Back in the spring, in the terror and euphoria of what felt like the early days of a sweeping social transformation, local differences were deemphasized amid calls for a general rent strike. Many calls to strike, such as online petitions, had no footing in local organizing. Rent Strike 2020, a nationwide petition by the Rose Caucus, a nonprofit, along with other groups, garnered millions of signatures but had little to no organizational capacity to mobilize even a fraction of signatories. This is not a new problem: as movement historian Joel Schwartz writes of efforts to organize a Lower East Side rent strike in 1964, “It soon became clear that on their rounds, organizers had made far more contacts than actual commitments among tenants. . . . One organizer conceded that the strike had begun with ‘a splash’ of claims, and his force was only ‘now going back to do the detailed work’ among tenants.” Those strike leaders eventually made a rule that they would only work with buildings where half of the tenants were already on strike. In 2020, experienced organizers, many times bitten, warned that a strike is the nuclear option. Early advice put out by the Philadelphia Tenants Union and Stomp Out Slumlords was dissuasive, emphasizing that rent strikes are really, really hard.
Rent Strike 2020’s optimism seemed based on a wager that mass nonpayment, at sufficient levels and if named as such, might constitute a de facto rent strike. In an April Zoom lecture with Bay Area tenant union Tenant and Neighborhood Councils, veteran organizer Gerald Smith gave short shrift to this idea: “Poverty is not a strike.” Smith, a former Black Panther and a key organizer in the 1960s Harlem rent strike aimed at reclaiming neglected housing, described the barren “moonscape” left behind as landlords paid people in cash to set fires to wring insurance money from otherwise worthless buildings. “That’s what happens when you don’t organize tenants,” he warned. He emphasized the importance of holding rent in escrow accounts to legitimate strikes. At the time, the question of whether the political legibility of rent strikes relies on voluntary withholding felt charged. Today, amid rapid immiseration, the question seems to have disappeared. When I repeated Smith’s argument to Rikki Reynolds, she said simply, “We can’t do an escrow right now, my tenants have no money.”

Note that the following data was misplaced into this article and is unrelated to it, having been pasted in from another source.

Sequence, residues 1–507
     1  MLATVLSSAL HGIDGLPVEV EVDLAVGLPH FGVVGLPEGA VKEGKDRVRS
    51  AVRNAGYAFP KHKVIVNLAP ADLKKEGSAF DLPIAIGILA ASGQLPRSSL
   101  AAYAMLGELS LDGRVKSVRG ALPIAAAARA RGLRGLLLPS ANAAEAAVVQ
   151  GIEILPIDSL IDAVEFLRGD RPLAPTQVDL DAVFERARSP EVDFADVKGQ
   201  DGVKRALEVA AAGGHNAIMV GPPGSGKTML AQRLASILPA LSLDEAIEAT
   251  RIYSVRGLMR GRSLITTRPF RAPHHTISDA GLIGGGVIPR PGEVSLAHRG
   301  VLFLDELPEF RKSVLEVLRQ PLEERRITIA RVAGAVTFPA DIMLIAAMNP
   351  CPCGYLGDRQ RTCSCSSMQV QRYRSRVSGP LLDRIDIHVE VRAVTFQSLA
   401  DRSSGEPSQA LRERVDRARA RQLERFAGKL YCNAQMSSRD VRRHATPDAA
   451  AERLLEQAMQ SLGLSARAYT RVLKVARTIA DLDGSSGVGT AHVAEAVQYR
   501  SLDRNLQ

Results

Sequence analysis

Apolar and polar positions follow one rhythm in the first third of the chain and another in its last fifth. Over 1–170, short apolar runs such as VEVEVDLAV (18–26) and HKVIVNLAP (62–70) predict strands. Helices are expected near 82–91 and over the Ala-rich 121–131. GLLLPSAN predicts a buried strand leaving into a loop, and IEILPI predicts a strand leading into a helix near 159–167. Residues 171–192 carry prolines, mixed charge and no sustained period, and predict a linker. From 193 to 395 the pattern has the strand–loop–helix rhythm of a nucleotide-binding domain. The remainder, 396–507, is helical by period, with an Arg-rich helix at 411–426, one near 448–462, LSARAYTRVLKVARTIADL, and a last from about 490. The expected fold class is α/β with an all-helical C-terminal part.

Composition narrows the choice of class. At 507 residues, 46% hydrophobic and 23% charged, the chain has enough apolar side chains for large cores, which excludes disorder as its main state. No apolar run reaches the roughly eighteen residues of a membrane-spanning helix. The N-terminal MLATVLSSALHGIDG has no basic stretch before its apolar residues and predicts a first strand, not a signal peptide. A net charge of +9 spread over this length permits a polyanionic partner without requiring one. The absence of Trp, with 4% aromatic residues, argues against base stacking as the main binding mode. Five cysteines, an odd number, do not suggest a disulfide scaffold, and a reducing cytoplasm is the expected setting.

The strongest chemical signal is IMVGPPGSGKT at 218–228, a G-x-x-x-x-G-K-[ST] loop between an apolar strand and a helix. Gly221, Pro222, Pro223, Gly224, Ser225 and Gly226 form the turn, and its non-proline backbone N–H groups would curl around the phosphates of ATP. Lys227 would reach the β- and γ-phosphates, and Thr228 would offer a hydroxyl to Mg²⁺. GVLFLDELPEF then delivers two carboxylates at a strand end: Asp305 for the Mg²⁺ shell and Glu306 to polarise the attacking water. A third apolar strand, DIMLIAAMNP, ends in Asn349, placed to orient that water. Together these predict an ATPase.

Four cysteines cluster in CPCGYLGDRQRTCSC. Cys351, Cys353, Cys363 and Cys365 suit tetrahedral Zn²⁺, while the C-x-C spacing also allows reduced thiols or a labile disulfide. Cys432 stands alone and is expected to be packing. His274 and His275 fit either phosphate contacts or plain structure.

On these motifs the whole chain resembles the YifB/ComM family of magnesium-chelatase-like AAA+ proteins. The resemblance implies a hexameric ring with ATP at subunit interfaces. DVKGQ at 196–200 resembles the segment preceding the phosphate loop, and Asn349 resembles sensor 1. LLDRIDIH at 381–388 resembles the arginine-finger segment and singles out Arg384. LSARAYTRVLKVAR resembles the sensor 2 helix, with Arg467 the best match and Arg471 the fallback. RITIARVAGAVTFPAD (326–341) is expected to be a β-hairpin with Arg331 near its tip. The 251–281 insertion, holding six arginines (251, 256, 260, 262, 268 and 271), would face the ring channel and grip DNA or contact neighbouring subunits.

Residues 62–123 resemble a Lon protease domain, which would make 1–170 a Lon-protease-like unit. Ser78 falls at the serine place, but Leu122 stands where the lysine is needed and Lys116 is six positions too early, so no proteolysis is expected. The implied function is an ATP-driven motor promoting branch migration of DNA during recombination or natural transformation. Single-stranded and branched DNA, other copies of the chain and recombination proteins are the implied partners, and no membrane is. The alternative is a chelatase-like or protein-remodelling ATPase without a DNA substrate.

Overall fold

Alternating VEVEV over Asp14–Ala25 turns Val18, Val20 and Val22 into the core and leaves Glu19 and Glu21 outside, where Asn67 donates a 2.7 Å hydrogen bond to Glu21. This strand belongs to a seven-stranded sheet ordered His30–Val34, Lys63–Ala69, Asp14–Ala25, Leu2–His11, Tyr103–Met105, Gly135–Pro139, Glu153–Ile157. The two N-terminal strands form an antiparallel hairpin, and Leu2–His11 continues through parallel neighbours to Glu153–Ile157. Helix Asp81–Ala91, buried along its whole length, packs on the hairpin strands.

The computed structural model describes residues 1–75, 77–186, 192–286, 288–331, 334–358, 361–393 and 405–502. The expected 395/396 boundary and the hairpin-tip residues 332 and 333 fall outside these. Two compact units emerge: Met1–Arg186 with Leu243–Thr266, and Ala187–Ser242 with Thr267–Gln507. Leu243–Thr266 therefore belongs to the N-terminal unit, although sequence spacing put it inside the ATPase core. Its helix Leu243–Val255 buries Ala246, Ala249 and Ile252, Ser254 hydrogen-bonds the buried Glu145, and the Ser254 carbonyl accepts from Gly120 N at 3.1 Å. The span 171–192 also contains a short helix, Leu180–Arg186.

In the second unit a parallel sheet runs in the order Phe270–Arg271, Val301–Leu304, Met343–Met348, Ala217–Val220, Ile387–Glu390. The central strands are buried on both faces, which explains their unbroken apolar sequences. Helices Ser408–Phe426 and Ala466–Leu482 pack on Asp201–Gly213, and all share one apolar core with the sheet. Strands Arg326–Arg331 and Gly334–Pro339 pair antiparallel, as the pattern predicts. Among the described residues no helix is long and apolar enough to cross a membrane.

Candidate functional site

By late April many strategic disagreements had evaporated in the heat of events. The cry “rent strike now!” rapidly transmuted from an ultra-left Twitter trend to a popular demand brought to unions by the tenants themselves. The moment seemed led not by organizational know-how but by the forward propulsion of a collective emergency. In tenant union Zoom meetings, one had the sense of organizers struggling to keep up with an increasingly militant base.